It was a partly cloudy, yet frigid day in Manhattan on Monday, March 24, 2014. The Coyotes were in town to take on the New York Rangers to begin a crucial three game road trip that involved three teams vying for playoff position. With the score tied at two with roughly seven minutes to play, Derrick Brassard of New York gets tangled up with Coyotes goalie Mike Smith, falling on top of his right leg backwards against his pads. As Brassard got up, Smith laid on the ice in agonizing pain. All the Coyotes could do was to sit and watch what could have potentially been an injury that changed their season.

“Mike Smith is no doubt our best player,” Kyle Chipchura said. “It is a big loss, but we need to pick up and trust our crew to step up.”

Thomas Greiss came in to replace Smith. Greiss had a 3-2 lead coming in, but that quickly turned around when he gave up goals to Dan Giardi and Ryan McDonagh in the final three minutes and overtime. The Coyotes ended up losing 4-3, but a 2-0 lead was erased yet again.

“The thing we talked about after the first period is we know they’re coming hard. You have to push back,” Coyotes head coach Dave Tippett said. “When we come out and turn pucks over and don’t compete physically, it allows the other team to turn it.”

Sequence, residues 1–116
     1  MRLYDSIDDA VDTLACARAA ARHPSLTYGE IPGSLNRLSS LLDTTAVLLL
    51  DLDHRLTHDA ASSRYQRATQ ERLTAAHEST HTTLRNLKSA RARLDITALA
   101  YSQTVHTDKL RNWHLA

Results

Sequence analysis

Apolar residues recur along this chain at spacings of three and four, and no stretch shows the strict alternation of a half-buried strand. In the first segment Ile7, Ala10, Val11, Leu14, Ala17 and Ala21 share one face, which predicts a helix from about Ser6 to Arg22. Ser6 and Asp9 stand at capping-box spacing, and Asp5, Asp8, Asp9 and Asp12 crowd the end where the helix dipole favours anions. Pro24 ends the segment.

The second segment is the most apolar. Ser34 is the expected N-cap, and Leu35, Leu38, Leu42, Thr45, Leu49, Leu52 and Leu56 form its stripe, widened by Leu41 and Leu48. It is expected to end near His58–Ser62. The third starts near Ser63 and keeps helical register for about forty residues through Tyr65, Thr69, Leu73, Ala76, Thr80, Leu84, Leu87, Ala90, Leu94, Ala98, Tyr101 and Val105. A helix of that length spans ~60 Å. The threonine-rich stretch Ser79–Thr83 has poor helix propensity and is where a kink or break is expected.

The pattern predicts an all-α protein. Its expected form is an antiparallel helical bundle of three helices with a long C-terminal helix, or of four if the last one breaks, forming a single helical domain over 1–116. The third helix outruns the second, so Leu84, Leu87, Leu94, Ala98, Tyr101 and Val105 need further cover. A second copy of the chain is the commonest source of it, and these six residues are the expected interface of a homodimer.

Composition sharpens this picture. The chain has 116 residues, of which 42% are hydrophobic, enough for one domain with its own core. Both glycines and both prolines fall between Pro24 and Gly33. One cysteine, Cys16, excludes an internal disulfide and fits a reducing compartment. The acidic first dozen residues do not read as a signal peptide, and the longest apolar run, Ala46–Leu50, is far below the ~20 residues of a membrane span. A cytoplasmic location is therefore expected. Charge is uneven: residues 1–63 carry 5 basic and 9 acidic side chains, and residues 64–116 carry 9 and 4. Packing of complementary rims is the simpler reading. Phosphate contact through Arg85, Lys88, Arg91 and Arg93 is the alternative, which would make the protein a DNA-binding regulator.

So Phoenix went without their starting goalie, hoping that Greiss can help at least hand the team a few more points starting with the Pittsburgh Penguins. They had beaten them earlier in February 3-1, but Mike Smith was in front of goal and made 24 saves in a 3-1 victory. Greiss was going to start anyway avoiding a back-to-back start, but in a game where points are valuable, they could not afford to fall back.

It seems like Greiss took lessons from Smith as save after save his poise and position got so much better after a sloppy first period. Greiss let in two goals in the first, but managed to make 15 more saves the rest of the game, and a goal by Mikkel Boedker gave the Coyotes not only a 3-2 win and a series sweep of the Penguins, but two more valuable points that increased the gap from the Dallas Stars.

“I thought we were solid,” Tippett said. “For the most part, it was a hard road game. Greiss made some saves when he had to. I thought our compete level was very good tonight, and it allowed us a chance to win.”

A win over the Penguins also eased the pain forgetting that Smith was gone as they can only hope to sit around and wait as he was thankfully listed as day-to-day with a lower body injury.